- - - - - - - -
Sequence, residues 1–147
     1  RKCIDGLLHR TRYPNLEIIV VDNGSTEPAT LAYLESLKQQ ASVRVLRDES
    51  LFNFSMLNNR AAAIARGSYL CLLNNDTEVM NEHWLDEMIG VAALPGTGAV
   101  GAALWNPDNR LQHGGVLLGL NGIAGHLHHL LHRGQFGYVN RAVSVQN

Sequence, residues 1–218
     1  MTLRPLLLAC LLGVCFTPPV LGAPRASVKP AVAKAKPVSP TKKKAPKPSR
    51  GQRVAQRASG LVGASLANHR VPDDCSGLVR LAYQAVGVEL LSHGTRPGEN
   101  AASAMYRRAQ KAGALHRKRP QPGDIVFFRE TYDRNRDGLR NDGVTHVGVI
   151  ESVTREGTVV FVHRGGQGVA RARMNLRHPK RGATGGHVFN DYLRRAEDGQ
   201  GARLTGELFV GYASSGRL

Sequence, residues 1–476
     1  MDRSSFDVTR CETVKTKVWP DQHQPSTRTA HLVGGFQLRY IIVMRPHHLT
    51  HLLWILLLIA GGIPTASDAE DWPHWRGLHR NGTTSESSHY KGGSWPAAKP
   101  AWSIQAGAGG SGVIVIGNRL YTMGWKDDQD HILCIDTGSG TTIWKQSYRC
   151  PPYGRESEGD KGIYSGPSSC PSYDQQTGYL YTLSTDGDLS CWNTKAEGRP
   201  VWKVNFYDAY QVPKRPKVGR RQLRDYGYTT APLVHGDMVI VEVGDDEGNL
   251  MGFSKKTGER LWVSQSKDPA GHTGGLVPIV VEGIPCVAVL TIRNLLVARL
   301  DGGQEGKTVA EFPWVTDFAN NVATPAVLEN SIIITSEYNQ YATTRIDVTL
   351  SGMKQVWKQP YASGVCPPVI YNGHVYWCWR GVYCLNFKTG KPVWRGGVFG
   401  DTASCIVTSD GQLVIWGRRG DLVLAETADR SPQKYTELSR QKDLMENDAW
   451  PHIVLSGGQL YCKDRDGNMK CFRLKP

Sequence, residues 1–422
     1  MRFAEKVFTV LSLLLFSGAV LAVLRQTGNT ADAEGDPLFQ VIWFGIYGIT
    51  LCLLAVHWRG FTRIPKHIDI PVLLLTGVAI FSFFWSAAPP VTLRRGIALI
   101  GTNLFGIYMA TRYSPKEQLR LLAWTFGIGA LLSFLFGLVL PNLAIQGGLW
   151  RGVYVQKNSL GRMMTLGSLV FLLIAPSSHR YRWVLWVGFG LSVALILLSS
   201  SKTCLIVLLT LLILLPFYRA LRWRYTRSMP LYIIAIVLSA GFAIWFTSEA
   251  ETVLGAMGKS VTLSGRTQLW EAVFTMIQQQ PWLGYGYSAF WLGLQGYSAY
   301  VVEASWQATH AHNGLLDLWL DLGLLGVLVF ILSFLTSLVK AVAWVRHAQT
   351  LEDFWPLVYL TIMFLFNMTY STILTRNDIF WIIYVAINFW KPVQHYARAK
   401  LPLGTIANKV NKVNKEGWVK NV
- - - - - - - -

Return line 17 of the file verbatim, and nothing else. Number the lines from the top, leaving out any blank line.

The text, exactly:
   251  MGFSKKTGER LWVSQSKDPA GHTGGLVPIV VEGIPCVAVL TIRNLLVARL